Dell ups storage ante with software that improves the economics of flash

Storage has ceased to be just about buying faster, bigger boxes to meet performance and capacity requirements, and this is typified by Dell Enterprise’s latest offering in the segment, which is all software.

Dell Storage announced an update to its Dell Storage Center Operating System 7, free to customers on maintenance with the company, said GM and vice president Alan Atkinson in a telephone interview with IT World Canada. The new software delivers on a promise the company made several years ago to unite management for its Equallogic and Compellent product lines, while addressing the requirements of storage infrastructure for the cloud, including Quality of Service features (QoS).

Dell Storage GM and VP Alan Atkinson
Dell Storage GM and VP Alan Atkinson

Atkinson cited data reduction as a key benefit in the latest release, which ramps of intelligent compression an deduplication, not just for flash arrays, but also for primary spinning disk, a function which has traditionally been reserved for backups. Dell claims its patented Intelligent Deduplication and enhanced Intelligent Block-Level Compression can provide up to 10:1 capacity savings, which helps reduce the cost of both flash and disk tiers.

In addition to being “fully tunable,” Atkinson said, the software supports mixing and matching hardware in the same cluster to get additional performance and failover / recovery scenarios, as well as scale up storage. “Everything is programmable through a restful API.”

Within a cluster of storage, SCOS 7 also supports live data migration, said Atkinson, but he also sees the QoS capabilities as becoming more critical as customers look to support cloud initiatives. “Sometime in the next couple of years, this is going to become a table stakes feature.” It also supports multi-tenancy, he added, which makes sure neighbors don’t affect each other within an array.

Storage, said Atkinson, is becoming more about software, but flash is still a source of innovation as well. “Flash has introduced a whole bunch of opportunities that weren’t there before.” Compute and storage are also converging, as storage is being moved into servers and powered by a software layer, which works well for Dell, he said, as it sells lots of servers.

Despite flash being more economical, Atkinson doesn’t see spinning disking disk disappearing any time soon. “For the next five years, disks are still going to be platform of choice for capacity storage,” adding that deduplication features will be breath new life into the older technology from a capacity point of view. Most of the time, he said, enterprises are moving to flash for performance reasons, although as densities increase and prices go down, there are other benefits that support “the incredible shrinking data centre,” such as lower power and less cooling requirements.

While the software update does address bring together Dell’s storage products from a management perspective, Atkinson said it’s premature to talk about how EMC’s storage line would fit in.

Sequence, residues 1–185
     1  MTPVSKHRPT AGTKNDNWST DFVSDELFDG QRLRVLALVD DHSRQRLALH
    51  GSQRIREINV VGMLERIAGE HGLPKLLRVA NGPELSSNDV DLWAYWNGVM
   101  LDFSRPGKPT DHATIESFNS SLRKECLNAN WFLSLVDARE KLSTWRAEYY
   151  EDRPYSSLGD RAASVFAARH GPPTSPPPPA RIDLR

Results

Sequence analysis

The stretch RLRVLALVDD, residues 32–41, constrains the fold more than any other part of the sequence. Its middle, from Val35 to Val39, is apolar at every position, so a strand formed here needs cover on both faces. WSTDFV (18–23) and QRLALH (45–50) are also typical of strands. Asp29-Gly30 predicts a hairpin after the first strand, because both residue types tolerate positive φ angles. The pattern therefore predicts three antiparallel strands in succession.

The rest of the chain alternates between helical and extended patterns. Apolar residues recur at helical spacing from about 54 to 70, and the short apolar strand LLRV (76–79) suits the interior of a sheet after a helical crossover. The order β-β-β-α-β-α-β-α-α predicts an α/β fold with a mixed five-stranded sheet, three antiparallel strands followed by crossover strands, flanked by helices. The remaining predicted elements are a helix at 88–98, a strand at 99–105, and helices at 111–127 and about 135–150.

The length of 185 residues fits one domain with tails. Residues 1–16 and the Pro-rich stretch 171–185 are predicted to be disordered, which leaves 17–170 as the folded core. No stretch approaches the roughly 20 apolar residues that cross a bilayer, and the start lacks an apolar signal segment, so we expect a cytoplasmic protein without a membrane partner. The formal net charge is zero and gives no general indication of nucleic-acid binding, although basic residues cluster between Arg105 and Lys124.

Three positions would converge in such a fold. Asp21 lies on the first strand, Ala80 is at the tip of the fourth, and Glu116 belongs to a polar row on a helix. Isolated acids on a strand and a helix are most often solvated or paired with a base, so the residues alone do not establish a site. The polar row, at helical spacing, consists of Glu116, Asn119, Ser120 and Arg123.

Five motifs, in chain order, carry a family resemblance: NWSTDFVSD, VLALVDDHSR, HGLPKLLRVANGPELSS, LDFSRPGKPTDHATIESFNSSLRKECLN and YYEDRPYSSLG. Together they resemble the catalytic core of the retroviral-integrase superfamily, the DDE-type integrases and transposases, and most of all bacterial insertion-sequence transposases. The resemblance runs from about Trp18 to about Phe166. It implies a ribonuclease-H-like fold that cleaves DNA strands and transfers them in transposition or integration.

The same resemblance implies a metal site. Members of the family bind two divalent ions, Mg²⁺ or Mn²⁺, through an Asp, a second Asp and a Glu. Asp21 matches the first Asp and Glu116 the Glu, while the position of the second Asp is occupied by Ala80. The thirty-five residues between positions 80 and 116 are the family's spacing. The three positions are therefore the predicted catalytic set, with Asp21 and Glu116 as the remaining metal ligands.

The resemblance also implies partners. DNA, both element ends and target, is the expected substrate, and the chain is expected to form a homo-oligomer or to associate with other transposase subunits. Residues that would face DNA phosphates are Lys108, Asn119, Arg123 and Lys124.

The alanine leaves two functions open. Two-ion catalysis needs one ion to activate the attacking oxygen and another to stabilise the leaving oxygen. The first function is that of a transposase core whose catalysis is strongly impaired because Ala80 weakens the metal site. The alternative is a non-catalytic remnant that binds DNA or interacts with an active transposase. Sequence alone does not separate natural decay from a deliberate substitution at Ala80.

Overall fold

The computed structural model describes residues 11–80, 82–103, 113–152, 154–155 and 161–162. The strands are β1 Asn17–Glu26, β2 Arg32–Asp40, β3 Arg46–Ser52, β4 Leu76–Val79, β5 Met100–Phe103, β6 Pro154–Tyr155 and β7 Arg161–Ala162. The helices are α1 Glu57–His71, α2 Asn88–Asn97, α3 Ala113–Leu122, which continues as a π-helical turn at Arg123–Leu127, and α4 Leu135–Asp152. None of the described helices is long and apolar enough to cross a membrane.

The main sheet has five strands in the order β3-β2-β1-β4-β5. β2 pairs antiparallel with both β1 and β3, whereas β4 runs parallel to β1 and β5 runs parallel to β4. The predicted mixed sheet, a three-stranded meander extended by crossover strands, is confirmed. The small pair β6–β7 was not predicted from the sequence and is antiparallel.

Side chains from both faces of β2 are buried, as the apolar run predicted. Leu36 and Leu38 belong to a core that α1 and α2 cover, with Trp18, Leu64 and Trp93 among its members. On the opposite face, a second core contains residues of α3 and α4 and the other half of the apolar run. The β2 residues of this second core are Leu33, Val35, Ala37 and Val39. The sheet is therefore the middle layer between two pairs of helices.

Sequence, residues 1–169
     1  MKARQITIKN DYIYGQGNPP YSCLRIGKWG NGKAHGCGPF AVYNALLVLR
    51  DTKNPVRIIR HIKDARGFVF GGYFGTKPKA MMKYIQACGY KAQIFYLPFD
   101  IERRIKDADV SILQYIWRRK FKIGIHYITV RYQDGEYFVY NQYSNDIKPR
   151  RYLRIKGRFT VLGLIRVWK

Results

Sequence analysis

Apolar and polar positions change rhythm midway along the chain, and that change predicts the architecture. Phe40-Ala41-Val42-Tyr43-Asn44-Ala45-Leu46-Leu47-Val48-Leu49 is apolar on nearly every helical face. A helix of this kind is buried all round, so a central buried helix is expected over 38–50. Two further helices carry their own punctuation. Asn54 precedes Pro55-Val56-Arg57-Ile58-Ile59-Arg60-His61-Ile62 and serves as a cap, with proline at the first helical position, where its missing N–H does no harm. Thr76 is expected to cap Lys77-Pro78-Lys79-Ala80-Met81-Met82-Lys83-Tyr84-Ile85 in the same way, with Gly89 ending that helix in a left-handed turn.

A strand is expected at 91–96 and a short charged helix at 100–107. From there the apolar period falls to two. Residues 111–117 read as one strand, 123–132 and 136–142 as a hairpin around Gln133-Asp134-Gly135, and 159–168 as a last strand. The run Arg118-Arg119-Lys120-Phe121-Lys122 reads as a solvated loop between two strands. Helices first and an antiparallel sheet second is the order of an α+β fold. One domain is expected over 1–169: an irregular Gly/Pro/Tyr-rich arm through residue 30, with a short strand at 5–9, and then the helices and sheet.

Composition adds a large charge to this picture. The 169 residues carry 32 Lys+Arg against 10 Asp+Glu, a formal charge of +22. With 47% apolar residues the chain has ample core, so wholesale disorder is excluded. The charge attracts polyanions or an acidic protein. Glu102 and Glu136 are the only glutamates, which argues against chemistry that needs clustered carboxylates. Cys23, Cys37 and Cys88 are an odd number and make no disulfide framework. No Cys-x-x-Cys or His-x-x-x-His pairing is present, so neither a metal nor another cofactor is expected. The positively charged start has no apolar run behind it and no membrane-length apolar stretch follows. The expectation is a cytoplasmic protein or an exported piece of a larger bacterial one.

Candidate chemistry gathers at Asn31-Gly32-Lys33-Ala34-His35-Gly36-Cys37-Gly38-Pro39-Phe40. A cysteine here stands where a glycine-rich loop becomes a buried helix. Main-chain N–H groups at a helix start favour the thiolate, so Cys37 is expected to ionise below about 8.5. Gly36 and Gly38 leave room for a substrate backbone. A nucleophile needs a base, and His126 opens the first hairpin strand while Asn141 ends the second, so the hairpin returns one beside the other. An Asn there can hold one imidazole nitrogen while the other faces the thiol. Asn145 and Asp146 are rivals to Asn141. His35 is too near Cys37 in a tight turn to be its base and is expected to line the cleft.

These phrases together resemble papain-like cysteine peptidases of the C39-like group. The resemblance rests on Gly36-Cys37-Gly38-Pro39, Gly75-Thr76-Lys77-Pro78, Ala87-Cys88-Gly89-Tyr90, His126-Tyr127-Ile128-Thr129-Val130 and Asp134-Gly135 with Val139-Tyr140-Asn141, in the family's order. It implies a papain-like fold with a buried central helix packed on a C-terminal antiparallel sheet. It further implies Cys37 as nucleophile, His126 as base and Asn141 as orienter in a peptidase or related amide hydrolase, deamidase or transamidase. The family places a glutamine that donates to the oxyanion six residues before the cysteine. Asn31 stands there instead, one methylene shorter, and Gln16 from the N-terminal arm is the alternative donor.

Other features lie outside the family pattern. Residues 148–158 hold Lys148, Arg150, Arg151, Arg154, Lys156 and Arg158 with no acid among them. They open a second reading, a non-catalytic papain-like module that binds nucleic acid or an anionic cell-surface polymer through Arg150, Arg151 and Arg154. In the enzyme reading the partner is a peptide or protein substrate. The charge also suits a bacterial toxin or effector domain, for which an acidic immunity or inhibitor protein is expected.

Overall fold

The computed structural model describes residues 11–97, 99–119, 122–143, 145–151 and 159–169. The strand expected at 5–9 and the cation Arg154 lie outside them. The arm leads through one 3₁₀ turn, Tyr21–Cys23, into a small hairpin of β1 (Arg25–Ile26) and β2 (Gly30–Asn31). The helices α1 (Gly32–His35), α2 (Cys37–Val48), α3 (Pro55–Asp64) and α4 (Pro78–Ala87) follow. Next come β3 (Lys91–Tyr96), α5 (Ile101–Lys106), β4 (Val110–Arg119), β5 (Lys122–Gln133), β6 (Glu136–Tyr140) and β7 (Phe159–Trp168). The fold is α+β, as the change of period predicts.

Laura DuBois, group vice president for IDC’s Enterprise Storage, Server and System Infrastructure Software research, said deduplication and compression are must-have capabilities for any storage vendors. “The benefits here are in making flash more economical.” In an email interview with IT World Canada, she noted that Dell is touting it can get $0.45/GB for flash, $0.10/GB for HDD, “which is fantastic.”

Enterprises typically have to choose between deduplication and compression, she said, but with Dell, it’s not one or the other. “You can leverage both – deduplication first and then compress to get further efficiency.” The other new feature that’s notable in SCOS 7 is it supports replication across dissimilar storage systems, DuBois added. Overall, the new software means there is less data and less storage to manage, she said, with the biggest efficiency being an economic one as it reduces capital costs.

One of the main growth areas in the enterprise storage market is the hyper-converged infrastructure segment, which DuBois said is growing in the triple digits, driven by a desire to reduce costs, reduce complexity and improve efficiency and density.

She said enterprises are able to reduce storage overprovisioning thanks to innovation in software through things such as thin provisioning and thin snapshots. What Dell is offering, of course, is storage management across its platforms only, Dubois said, noting that heterogeneous storage management is a market that has never really taken off.

There are companies that are attempting to provide vendor-agnostic storage provisioning. Primary Data, for example, is addressing complexity and system sprawl not by managing the data itself, but managing meta data. It virtualizes data and puts it in the right type of storage based on its attributes and use case.

In the meantime, customers have come to expect the same features in hybrid-flash arrays and all-flash arrays that have been available for spinning disk systems for years. IDC research released in early 2015 that found flash-based platforms are increasingly delivering enterprise-class data services, including snapshots, clones, encryption, replication, and quality QoS as well as storage efficiency features.

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Gary Hilson
Gary Hilson
Gary Hilson is a Toronto-based freelance writer who has written thousands of words for print and pixel in publications across North America. His areas of interest and expertise include software, enterprise and networking technology, memory systems, green energy, sustainable transportation, and research and education. His articles have been published by EE Times, SolarEnergy.Net, Network Computing, InformationWeek, Computing Canada, Computer Dealer News, Toronto Business Times and the Ottawa Citizen, among others.

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